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Where I’m From
by Jim Allen

After the Hog-Killin’

This is a tale of a country shenanigan and may not be something you would want to read during breakfast (or any other meal for that matter).

It had been hog-killin’ weather for a couple of months and most folks had their smokehouses or freezers filled with all the pork they’d need for the upcoming year. Country folks will tell you that the only thing left after efficiently butchering a hog is some bristle and a squeal. That’s not far from the truth.

At the end of a day of herding the hog(s), then all the lifting, hanging, scraping, cutting, chopping and sawing that goes along with the job, a person will be blessed with the fruits of the day’s labor: hams, shoulders, chops, loin, ribs, bacon, meat for sausage, hocks and jowls. But that’s barely half the critter and doesn’t touch on other organs and appendages that some people consider most delectable.

For instance, at breakfast, it’s hard to beat brains and eggs. To me, this chewy treat tastes like scrambled eggs with a hint of mild sausage. Ketchup is the condiment of choice for such a breakfast. Some folks insist that eating brains will make you smarter. You need to meet several people who eat brains on a regular basis before making that determination.

You can make gelatin from their hooves that can be used, along with meat that’s boiled from the skull and a little spice and vinegar, to make souse (head cheese). This manna from heaven with its occasional course snout hair, is a perfect spring or summer shade tree lunch when complimented with saltines and a cold RC cola. Souse should not be allowed to warm to room temperature. I remember on a couple of occasions, the electricity going out a Bard’s Grocery early in the evening after closing and things warming up in the meat cooler. Most everything could be salvaged the next day except for the souse. This precast, rubber-like block that had been shaken from its mold for display on a refrigerated rack would become an animated chunky goo that crawled into every crevice of the meat box. The store’s cat wouldn’t even touch it.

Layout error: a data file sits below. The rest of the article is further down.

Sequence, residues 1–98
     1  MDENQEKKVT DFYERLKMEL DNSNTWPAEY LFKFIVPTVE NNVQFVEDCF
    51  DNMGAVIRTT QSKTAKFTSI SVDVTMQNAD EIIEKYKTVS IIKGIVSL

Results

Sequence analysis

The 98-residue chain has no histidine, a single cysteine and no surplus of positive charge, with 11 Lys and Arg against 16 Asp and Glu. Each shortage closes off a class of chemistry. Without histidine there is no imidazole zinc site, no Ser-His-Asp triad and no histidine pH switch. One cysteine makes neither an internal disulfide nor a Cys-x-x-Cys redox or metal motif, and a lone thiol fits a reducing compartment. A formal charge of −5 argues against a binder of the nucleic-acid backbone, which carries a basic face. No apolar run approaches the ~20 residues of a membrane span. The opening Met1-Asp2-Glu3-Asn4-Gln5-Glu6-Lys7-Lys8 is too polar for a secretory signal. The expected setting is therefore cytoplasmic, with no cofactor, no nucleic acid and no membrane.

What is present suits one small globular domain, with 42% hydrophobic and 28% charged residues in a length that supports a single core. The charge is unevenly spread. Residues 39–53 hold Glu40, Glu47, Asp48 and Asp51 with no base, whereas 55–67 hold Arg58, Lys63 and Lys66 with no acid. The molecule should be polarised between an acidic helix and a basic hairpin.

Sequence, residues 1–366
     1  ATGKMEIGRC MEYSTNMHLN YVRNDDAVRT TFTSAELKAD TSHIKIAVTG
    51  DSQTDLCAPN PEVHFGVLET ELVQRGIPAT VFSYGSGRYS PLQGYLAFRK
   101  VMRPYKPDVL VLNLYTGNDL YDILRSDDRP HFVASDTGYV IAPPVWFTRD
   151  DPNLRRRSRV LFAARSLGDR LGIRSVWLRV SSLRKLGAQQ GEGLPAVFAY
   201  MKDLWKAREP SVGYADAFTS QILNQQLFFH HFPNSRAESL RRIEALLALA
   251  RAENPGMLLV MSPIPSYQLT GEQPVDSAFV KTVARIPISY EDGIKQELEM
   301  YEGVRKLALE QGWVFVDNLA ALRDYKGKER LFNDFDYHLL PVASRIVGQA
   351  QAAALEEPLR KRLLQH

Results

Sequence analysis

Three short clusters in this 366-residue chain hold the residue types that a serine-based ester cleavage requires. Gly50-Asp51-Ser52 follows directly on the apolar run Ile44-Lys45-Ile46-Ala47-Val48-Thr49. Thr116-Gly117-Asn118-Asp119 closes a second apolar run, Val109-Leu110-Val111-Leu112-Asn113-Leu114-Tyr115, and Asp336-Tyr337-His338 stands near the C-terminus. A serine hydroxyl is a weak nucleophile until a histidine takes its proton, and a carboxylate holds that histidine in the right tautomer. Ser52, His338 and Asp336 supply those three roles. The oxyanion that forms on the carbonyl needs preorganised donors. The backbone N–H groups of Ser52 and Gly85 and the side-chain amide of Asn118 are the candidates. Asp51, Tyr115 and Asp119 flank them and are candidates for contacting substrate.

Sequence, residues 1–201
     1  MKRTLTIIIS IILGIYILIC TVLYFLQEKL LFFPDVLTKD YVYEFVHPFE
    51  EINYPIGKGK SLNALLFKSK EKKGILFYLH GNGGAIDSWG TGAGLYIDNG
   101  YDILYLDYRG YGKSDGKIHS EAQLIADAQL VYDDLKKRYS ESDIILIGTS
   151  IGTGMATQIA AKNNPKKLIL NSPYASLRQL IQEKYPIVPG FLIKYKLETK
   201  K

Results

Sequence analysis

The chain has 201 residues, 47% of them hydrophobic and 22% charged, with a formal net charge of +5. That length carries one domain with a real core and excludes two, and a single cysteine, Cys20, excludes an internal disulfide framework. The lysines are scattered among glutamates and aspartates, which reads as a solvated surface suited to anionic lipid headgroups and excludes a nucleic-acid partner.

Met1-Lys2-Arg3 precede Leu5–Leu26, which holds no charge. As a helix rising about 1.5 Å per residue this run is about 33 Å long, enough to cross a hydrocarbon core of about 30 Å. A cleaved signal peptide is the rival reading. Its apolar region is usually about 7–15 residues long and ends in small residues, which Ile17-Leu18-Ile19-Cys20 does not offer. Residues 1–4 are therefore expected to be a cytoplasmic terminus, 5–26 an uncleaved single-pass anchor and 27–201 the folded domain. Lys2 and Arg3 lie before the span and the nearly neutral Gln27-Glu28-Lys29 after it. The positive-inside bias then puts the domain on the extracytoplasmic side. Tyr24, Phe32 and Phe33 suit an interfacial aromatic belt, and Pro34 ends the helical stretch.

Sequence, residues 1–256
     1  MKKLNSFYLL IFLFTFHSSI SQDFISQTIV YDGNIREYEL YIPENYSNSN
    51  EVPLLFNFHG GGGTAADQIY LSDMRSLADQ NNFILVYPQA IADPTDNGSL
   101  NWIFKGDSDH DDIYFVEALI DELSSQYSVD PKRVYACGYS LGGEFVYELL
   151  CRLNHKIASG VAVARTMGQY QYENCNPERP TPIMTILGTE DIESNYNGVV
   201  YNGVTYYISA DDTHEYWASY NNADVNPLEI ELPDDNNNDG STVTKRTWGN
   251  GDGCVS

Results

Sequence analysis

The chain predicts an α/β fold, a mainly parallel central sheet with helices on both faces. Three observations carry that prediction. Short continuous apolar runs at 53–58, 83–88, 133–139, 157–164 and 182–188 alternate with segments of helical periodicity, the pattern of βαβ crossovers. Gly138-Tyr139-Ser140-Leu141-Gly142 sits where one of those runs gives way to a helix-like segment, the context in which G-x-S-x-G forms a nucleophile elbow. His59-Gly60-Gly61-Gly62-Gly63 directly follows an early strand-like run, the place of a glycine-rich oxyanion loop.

If not used in souse, ears, snouts, tails, and bones can be used in soup or to flavor a pot of beans. Stomachs (maws) can hold blood sausage or be used as a container for other meat and vegetable baked dishes. Skin can be used to make crackling for a snack food, crackling cornbread or deep-fried to make puffy pork rinds.

Then there are the ever-popular pickled pig’s feet. To eat a pickled pig’s foot properly, getting to all the little pieces of meat and cartilage that clings to the two dozen or more bones, can take the better part of an hour. Pig lips, snouts and tails can also be pickled.

Most animal intestines are considered to be a type of offal (some might say awful) that should be buried or otherwise disposed of. But swine intestines can be used to make sausage casings or cooked as an ingredient in some other dishes. There is even a special group of pork aficionados who insist that this part of a swine’s digestive system should be offered straight up as an entree, either boiled, fried or sometime grilled, accompanied with only a little nerve and some hot sauce. Chitlins, as they are called, are not for the faint of palate or smell. It is said that when cooking chitlins in a kitchen even the houseflies try to escape. You can turn the things inside out and scrub and soak for as long as you and several of your best and strongest friends can and you can’t reform a chitlin. They are what they are.